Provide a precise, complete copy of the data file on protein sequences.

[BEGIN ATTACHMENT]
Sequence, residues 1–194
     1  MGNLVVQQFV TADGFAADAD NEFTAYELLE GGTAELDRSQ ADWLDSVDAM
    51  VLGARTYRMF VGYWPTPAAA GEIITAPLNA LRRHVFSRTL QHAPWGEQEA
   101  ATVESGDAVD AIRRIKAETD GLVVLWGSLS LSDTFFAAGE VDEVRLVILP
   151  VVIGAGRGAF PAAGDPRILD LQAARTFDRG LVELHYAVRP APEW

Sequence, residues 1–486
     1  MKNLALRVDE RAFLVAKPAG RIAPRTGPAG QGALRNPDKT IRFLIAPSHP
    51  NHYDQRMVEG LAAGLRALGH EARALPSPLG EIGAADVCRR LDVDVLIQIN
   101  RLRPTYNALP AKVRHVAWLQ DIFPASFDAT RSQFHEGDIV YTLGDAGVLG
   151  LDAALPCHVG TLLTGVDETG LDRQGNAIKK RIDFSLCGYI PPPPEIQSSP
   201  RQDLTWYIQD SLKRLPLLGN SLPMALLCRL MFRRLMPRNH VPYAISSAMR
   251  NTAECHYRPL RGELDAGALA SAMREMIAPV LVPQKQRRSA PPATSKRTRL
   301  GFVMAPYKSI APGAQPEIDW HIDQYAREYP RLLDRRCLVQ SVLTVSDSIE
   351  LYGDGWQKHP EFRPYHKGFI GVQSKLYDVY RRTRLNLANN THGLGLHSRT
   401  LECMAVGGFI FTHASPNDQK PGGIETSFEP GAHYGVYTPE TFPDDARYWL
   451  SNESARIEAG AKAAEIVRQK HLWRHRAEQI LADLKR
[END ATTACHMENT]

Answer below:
Sequence, residues 1–194
     1  MGNLVVQQFV TADGFAADAD NEFTAYELLE GGTAELDRSQ ADWLDSVDAM
    51  VLGARTYRMF VGYWPTPAAA GEIITAPLNA LRRHVFSRTL QHAPWGEQEA
   101  ATVESGDAVD AIRRIKAETD GLVVLWGSLS LSDTFFAAGE VDEVRLVILP
   151  VVIGAGRGAF PAAGDPRILD LQAARTFDRG LVELHYAVRP APEW

Sequence, residues 1–486
     1  MKNLALRVDE RAFLVAKPAG RIAPRTGPAG QGALRNPDKT IRFLIAPSHP
    51  NHYDQRMVEG LAAGLRALGH EARALPSPLG EIGAADVCRR LDVDVLIQIN
   101  RLRPTYNALP AKVRHVAWLQ DIFPASFDAT RSQFHEGDIV YTLGDAGVLG
   151  LDAALPCHVG TLLTGVDETG LDRQGNAIKK RIDFSLCGYI PPPPEIQSSP
   201  RQDLTWYIQD SLKRLPLLGN SLPMALLCRL MFRRLMPRNH VPYAISSAMR
   251  NTAECHYRPL RGELDAGALA SAMREMIAPV LVPQKQRRSA PPATSKRTRL
   301  GFVMAPYKSI APGAQPEIDW HIDQYAREYP RLLDRRCLVQ SVLTVSDSIE
   351  LYGDGWQKHP EFRPYHKGFI GVQSKLYDVY RRTRLNLANN THGLGLHSRT
   401  LECMAVGGFI FTHASPNDQK PGGIETSFEP GAHYGVYTPE TFPDDARYWL
   451  SNESARIEAG AKAAEIVRQK HLWRHRAEQI LADLKR